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Learning to Let My Daughter Go

Learning to Let My Daughter Go

How I learned to let go of my middle schooler, a little bit at a time.

I cannot believe that my little girl is starting eighth grade, her final year of middle school. Where has the time gone? The days when I would tag along on the walk to school in the mornings are just about over. I may have squeezed my last “I’ll take you and your friends for pizza” out of her. I can only hope I have done my job and prepared her well for the road on which we are now embarking.

When my daughter was going into sixth grade, just starting middle school, parents of older children in New York City told me that many kids start traveling alone, without an adult, sometime during the middle school years. The thought of this absolutely terrified me: the strangers, the cars, the bikers. I knew I had to start preparing her to navigate the streets without me by her side.

In the beginning of sixth grade I made a very conscious effort to start making her aware of everything I could think of on the route to school—and even scare her a little bit. We discussed which streets had turning signals, what side of the street the liquor store is on, how to wait until the bikers stop before crossing the street, and so much more. I did this over and over and over again for months, just like a broken record. Finally it was time to let her guide the way. “Tell me what to do, when to cross, where to stand,” I told her. By the end of the sixth grade, she was walking home from school without an adult. 

As we moved to seventh grade, I suspected she would have even more of a zest for independence. To that point, she’d only gone to and from school by herself. Now she wanted to go to friends’ apartments, the movies, the frozen yogurt shop. How was I going to deal with this? I really needed to think about the next steps.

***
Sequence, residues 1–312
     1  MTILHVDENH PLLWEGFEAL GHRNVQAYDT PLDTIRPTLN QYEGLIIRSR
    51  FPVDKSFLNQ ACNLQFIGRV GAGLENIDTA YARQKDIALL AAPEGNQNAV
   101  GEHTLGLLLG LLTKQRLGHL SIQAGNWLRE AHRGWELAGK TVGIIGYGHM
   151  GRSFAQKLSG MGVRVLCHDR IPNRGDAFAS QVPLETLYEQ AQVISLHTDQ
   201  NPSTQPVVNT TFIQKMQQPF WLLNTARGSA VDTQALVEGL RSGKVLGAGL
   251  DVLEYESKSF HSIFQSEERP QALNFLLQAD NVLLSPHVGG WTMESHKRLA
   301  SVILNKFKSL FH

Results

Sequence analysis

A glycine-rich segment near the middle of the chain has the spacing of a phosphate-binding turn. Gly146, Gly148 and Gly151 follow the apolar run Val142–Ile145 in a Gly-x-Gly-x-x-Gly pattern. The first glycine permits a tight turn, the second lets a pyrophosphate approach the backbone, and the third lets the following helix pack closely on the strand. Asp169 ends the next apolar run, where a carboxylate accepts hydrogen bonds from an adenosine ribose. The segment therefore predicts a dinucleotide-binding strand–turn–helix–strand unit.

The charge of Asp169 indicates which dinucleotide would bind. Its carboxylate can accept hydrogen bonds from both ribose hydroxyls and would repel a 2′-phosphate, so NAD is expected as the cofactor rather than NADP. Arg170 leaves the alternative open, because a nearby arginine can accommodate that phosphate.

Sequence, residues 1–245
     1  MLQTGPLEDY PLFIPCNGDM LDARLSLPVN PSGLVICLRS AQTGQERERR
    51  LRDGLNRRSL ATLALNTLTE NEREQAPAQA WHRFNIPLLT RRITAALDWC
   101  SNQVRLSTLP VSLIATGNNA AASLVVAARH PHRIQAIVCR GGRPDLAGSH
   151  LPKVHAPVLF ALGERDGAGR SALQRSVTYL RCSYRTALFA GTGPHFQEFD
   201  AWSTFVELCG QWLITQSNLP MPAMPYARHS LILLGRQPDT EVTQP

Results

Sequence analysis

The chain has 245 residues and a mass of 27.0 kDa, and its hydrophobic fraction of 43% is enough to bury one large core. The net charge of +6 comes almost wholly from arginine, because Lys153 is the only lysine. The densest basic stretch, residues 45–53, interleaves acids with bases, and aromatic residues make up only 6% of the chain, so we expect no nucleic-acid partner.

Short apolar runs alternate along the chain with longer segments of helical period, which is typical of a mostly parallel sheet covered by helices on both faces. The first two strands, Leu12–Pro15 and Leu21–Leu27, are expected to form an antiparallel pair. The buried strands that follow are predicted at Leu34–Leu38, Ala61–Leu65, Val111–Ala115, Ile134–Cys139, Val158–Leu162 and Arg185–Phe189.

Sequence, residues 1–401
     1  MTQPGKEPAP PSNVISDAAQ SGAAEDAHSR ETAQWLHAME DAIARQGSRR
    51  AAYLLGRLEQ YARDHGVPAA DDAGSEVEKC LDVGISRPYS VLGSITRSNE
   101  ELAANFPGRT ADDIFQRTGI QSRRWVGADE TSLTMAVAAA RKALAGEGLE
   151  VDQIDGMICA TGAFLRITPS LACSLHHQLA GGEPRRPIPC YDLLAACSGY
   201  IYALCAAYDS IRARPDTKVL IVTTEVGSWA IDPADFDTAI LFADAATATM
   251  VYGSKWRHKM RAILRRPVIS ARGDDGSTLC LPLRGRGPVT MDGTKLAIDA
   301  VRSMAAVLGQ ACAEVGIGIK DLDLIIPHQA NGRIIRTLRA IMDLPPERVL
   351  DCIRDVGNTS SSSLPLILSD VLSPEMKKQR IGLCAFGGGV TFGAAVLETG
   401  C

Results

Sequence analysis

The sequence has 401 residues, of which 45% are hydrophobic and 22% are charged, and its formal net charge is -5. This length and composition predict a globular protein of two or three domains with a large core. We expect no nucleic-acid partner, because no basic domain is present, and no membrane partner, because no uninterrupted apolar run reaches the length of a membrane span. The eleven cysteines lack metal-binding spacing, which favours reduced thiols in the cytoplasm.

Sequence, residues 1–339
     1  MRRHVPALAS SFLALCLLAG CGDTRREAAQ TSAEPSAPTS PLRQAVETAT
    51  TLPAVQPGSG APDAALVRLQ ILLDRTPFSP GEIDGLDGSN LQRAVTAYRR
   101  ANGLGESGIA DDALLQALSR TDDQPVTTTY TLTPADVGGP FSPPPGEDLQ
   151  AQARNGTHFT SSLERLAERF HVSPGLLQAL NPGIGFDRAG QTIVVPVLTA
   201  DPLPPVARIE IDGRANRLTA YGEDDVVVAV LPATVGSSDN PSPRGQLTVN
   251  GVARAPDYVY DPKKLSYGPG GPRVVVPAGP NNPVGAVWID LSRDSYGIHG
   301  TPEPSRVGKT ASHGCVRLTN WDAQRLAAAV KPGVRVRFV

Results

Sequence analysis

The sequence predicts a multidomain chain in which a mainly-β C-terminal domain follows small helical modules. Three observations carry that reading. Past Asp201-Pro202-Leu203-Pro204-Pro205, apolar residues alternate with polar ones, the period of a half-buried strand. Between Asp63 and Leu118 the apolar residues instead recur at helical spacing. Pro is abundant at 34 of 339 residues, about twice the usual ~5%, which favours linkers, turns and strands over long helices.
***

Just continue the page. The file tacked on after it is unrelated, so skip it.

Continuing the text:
Since she was not necessarily going to be staying in our neighborhood, we talked about the choices of transportation in the city—buses, subways, Ubers. There are so many options, but we needed to figure out what would make us both feel safe and comfortable. I got her the Uber app for her phone, and I make sure she always has a MetroCard with funds on it. We both agreed that walking should be her first choice if the distance is not too far. We talked about safe places she could duck into if she ever felt it was necessary for any reason at all, such as Starbucks, Duane Reade, or CVS, places with which she is familiar and are very easy to find. She assured me, “Mom, I can do this. I’ll be fine.” I must admit, her confidence was somewhat reassuring; however, deep down, I was dying just a little bit. She was still my little girl, and I would worry no matter what.

We did tons of talking and prepping. Then one day, it was time for her to go use all of her newfound knowledge and be a big kid with her friends. Even today, I still remind her before she leaves the house to make sure her phone is fully charged and that her tracker app is on. “No texting while walking, don’t stand too close to the curb, and be careful of those bikers,” I remind her as I watch her walk down the hall to the elevator. I typically get a cute smirk in return. As time goes on, I admit, it does get a little easier—but just a little easier—to watch her walk out the door. 

As hard as it is to watch this independence sprouting right in front of my eyes, I have found an upside to all of this. I no longer have to take her everywhere. I don’t have to drag her brother out in the rain to pick her up from a friend’s apartment. I can even send her down to the supermarket to pick up a few things for me.

This independence thing might not be so bad after all!

As my city kid now starts her last year of middle school, I feel almost as confident as she does when she is out and about on her own or with her friends. I must remind myself that I have done my job and taught her to make smart choices. I can’t be with her every second, so I must trust that she has listened and paid attention along the way. She has come a long way since starting middle school. I will continue to let go, even while still trying to hold on to her, a little bit at a time.

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Dana Greenberg


 Dana Greenberg is a mom of twins living in Manhattan. Dana's site The Autism Club was created as a way to connect moms who have kids with special needs, like her son Jack--who has autism--and offer them a space to tell their stories. You can follow Dana on Twitter @theautismclub or on Facebook @theautismclub.

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